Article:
…none of these matters if our policy makers continue to miss the point that the outcomes that we attribute to our compatriots’ lack of patriotism (preferring to hold dollars, for instance, rather than the naira) are often the result of a collective response to perverse incentives.


I was taught my first lesson in the structuring of incentives in order to bring about optimal outcomes by my mother. First, the circumstances that this lesson responded to. Growing up, my siblings and I shared school holidays with this favourite cousin. Fun to be with, he was, each time he came visiting. But such was his understanding of issues that situations involving the sharing of scarce resources invariably degenerated into rancour. He was much older. Thus, not only did he get to share whatever it was that was allotted to “the children”. He’d also get the first pick. And like the proverbial lunatic in the Yoruba proverb, his side of the commons was always better tended.

Fed up with the incessant whingeing from the losers from these transactions, one of such days, my mother then decreed that henceforth, the youngest of us was going to be responsible for sharing whatever was allotted to the bunch; while the eldest would get to pick first. I thought it was Solomonic in its intent and application ― fated to pick whatever was leftover, the youngest was incentivised to ensure that the portions were arithmetic equals. But then, I got told that it was a device common among the Igbos north of the River Niger to ensure equity in the sharing of resources.

Today, confronting a smorgasbord of often contradictory policies on the economy, I cannot but wonder how a people whose forebears could craft solutions as neat and effective as that to which I was introduced long ago, continue to churn out policies whose unintended consequences far outweigh their intendment ― and negatively too. The dilemmas that we face as a people are legion. How can we keep our space democratic while ensuring that only those are elected to office whose approach to governance betters all? How do we fix the disadvantages (social and economic) between regions without sacrificing merit and applying the brakes on the progress of more advanced regions? How do we balance governments’ need for cheap loans with the need to reward savers?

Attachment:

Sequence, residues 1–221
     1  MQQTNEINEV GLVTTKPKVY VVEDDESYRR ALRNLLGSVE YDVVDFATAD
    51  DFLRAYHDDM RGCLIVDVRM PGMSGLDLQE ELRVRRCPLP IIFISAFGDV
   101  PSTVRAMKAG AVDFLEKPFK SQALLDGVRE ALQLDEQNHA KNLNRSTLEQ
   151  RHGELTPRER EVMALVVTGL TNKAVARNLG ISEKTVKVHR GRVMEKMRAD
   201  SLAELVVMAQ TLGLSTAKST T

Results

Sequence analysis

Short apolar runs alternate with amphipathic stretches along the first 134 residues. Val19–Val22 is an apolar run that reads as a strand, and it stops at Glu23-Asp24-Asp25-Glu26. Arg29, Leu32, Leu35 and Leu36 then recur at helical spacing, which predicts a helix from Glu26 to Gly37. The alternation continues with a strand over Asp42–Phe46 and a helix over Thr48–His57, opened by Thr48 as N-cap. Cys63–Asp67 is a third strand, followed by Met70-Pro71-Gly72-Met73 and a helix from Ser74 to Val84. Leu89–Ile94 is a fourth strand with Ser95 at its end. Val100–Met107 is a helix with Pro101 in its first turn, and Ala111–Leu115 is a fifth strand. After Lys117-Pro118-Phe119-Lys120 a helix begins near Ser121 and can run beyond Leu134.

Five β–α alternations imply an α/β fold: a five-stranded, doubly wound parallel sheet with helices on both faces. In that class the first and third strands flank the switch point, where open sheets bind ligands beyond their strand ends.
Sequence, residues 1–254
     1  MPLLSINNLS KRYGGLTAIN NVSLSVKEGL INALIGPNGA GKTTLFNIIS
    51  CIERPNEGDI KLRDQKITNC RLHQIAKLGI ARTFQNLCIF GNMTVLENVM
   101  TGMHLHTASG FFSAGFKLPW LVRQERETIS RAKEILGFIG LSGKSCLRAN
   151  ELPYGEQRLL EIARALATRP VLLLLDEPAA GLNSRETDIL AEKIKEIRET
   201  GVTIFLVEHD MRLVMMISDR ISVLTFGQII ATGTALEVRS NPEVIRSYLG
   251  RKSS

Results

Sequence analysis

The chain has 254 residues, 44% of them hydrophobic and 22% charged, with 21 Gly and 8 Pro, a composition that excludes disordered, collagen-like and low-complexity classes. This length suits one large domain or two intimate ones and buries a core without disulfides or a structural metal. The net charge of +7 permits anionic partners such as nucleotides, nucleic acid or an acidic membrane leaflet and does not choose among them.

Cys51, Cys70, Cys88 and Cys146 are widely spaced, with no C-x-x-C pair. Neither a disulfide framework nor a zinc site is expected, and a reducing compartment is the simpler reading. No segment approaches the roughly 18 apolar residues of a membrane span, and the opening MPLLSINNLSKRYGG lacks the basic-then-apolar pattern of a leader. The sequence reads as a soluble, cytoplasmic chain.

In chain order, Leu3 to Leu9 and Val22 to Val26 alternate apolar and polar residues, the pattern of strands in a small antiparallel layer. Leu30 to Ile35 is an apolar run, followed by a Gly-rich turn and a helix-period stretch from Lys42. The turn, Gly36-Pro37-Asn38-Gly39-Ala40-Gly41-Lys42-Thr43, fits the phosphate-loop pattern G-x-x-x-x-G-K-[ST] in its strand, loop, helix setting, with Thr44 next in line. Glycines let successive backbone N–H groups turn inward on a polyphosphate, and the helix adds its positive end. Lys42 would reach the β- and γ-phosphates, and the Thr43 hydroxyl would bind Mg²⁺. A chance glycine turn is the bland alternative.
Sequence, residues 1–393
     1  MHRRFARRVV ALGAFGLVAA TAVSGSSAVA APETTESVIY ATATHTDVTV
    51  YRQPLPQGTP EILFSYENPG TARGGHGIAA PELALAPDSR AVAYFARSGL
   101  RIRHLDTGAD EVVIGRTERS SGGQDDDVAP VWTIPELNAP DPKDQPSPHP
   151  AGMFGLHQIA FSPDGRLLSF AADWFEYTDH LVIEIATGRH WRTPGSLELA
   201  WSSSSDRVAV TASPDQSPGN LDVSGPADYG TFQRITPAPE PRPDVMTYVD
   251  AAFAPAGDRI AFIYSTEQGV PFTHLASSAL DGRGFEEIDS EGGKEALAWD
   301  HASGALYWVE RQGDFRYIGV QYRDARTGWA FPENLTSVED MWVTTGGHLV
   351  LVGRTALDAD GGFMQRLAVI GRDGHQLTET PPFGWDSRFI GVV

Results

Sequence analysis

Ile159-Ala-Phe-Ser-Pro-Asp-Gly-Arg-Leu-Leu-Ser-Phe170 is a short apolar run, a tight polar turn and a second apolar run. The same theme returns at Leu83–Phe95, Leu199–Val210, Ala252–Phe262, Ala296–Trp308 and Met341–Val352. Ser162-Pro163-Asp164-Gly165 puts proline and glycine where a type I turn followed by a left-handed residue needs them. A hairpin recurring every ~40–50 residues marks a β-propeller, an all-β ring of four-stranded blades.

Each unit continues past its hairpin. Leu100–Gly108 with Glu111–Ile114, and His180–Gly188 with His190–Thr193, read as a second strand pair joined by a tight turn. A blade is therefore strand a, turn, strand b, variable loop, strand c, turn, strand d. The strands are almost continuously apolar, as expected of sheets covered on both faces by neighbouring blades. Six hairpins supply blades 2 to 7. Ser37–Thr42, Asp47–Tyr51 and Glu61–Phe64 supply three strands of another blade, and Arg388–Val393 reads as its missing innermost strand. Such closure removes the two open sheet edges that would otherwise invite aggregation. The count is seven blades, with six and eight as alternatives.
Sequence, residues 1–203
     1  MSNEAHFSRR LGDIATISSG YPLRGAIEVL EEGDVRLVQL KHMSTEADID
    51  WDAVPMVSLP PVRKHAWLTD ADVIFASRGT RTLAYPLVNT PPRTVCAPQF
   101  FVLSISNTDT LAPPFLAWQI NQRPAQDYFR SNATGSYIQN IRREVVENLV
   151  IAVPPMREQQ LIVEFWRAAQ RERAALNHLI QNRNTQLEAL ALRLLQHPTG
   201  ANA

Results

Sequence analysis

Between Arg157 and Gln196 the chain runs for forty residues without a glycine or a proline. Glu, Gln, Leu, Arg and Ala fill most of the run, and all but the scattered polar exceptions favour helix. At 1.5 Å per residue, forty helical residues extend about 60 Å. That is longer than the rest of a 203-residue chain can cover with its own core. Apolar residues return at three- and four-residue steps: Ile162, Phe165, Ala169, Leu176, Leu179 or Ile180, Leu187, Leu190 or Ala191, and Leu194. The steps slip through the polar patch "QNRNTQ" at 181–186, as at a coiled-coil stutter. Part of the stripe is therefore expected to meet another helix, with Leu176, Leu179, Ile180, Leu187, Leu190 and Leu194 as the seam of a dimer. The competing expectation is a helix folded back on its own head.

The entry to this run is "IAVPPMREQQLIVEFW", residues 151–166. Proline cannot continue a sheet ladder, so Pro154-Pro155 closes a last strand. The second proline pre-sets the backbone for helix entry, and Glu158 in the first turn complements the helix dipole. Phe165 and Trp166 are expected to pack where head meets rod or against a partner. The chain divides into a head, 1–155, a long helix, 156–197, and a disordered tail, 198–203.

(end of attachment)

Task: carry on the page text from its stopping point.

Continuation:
In part, by eschewing evidence-based approaches to policy-making, we were always going to fall into the traps suggested by these dilemmas. The thing is, in this respect, we are in good company. Across the world, there is now a grab bag of populist leaders who positively denigrate experts in the same way in which some here traduce “err-conomists”.


Global warming is real. Who is paying attention to what it means for the country? As the Sahel turns desert, Benue, Plateau, parts of Kwara and Kogi States will lose the arability of their lands. Ondo, Edo, and Delta States will see lesser rainfall ― and hence might become more arable. But does that mean that we may transfer crops previously grown in our bread baskets to these new places? Precipitation will be more saline in the latter places? And so, may not support the new portmanteau of crops. And what of the old agriculture? Will cocoa and palm oil thrive in the now more relatively arid regions where they used to grow? Would they have to move further south? And what to make of the more saline rainfall further south?

All of Lagos from Ikeja southwards is below sea level. So, with the rains this year has come a renewed focus on drains. Yet, the last major flooding in the State was the result of the adjoining waters rising and feeding back into lower lying parts of the State. Must it be thus, though? The whole of the Netherlands is below sea level, yet it doesn’t flood. “God created the earth, but the Dutch created the Netherlands”, we are told. Thankfully, God has already created Lagos, we are only being called upon to keep it in a liveable state.

In part, by eschewing evidence-based approaches to policy-making, we were always going to fall into the traps suggested by these dilemmas. The thing is, in this respect, we are in good company. Across the world, there is now a grab bag of populist leaders who positively denigrate experts in the same way in which some here traduce “err-conomists”. Except for this difference. Whereas most of the populists that we seem to share this mindset with see value in boosting private sector supply responses, here, a “left-wing communist” mindset dominates.

A loathing of the market isn’t the same as a preference for government provision. For proper rules and an effective regulatory environment could help restrain the markets’ excesses. Nor is preference for government provision equivalent to wanting a nanny state.


Aside the unfortunate outcomes that policies driven by this mindset lead to, it is also burdened by a number of conceptual difficulties. A loathing of the market isn’t the same as a preference for government provision. For proper rules and an effective regulatory environment could help restrain the markets’ excesses. Nor is preference for government provision equivalent to wanting a nanny state. For even in those spheres ― public goods, where government provision makes the most sense ― market-level efficiencies would help, including through “cost recovery” and “user pays” policies.

But none of these matters if our policy makers continue to miss the point that the outcomes that we attribute to our compatriots’ lack of patriotism (preferring to hold dollars, for instance, rather than the naira) are often the result of a collective response to perverse incentives.

Uddin Ifeanyi, journalist manqué and retired civil servant, can be reached @IfeanyiUddin.